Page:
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Chronic Pain: Hope Through Research
The Terrible Triad

National Institute of Neurological Disorders and Stroke

September, 1997

Pain of such proportions overwhelms all other symptoms and becomes the problem. People so afflicted often cannot work. Their appetite falls off. Physical activity of any kind is exhausting and may aggravate the pain. Soon the person becomes the victim of a vicious circle in which total preoccupation with pain leads to irritability and depression. The sufferer can't sleep at night and the next day's weariness compounds the problem -- leading to more irritability, depression, and pain. Specialists call that unhappy state the "terrible triad" of suffering, sleeplessness, and sadness, a calamity that is as hard on the family as it is on the victim. The urge to do something -- anything -- to stop the pain makes some patients drug dependent, drives others to undergo repeated operations or worse, resort to questionable practitioners who promise quick and permanent "cures."

"Chronic pain is the most costly health problem in America,"
says one of the world's authorities on pain. He and others estimate annual costs, including direct medical expenses, lost income, lost productivity, compensation payments and legal charges, at close to $50 billion. Here's how that adds up:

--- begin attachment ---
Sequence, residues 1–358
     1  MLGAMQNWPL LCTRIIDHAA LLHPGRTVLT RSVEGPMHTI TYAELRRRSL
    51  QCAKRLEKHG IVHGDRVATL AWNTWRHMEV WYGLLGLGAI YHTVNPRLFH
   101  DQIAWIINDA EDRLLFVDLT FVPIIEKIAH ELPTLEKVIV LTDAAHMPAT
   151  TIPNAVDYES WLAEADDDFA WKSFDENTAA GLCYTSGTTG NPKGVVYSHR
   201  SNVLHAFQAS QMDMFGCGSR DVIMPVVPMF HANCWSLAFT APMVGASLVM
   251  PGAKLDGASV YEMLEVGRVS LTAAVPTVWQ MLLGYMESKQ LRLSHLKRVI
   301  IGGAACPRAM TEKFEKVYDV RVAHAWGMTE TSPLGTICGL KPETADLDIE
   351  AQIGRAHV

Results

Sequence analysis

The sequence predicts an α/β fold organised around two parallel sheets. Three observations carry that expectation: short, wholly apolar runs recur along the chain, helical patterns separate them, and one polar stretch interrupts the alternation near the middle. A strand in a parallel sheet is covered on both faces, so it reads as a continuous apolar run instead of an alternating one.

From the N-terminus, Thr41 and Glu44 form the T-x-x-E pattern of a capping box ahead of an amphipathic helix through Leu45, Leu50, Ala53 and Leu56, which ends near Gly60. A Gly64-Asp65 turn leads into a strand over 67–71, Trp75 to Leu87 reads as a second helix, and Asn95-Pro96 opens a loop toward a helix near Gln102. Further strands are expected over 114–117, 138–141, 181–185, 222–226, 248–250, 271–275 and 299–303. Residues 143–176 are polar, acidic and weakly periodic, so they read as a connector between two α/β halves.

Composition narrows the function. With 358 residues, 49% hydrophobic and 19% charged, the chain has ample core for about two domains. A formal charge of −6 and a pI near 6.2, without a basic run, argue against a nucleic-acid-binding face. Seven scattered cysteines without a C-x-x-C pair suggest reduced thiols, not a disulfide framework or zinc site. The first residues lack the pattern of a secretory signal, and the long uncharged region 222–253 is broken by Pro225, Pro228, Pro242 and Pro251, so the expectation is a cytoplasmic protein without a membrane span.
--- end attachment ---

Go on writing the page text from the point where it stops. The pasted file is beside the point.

Other pain disorders like the neuralgias and neuropathies that affect nerves throughout the body, pain due to damage to the central nervous system (the brain and spinal cord), as well as pain where no physical cause can be found -- psychogenic pain -- swell the total to that $50 billion figure.

Many chronic pain conditions affect older adults. Arthritis, cancer, angina -- the chest-binding, breath-catching spasms of pain associated with coronary artery disease -- commonly take their greatest toll among the middle-aged and elderly. Tic douloureux (trigeminal neuralgia) is a recurrent, stabbing facial pain that is rare among young adults. But ask any resident of housing for retired persons if there are any tic sufferers around and you are sure to hear of cases. So the fact that Americans are living longer contributes to a widespread and growing concern about pain.

Neuroscientists share that concern. At a time when people are living longer and painful conditions abound, the scientists who study the brain have made landmark discoveries that are leading to a better understanding of pain and more effective treatments.

In the forefront of pain research are scientists supported by the National Institute of Neurological Disorders and Stroke (NINDS), the leading Federal agency supporting research on pain. Other Federal agencies important in pain research include the National Institute of Mental Health (NIMH), the National Institute of Dental Research (NIDR) and the National Cancer Institute (NCI). Within the last decade both the International Association for the Study of Pain and the American Pain Society have been established and grown into flourishing professional organizations attracting young as well as established research investigators and practicing physicians.

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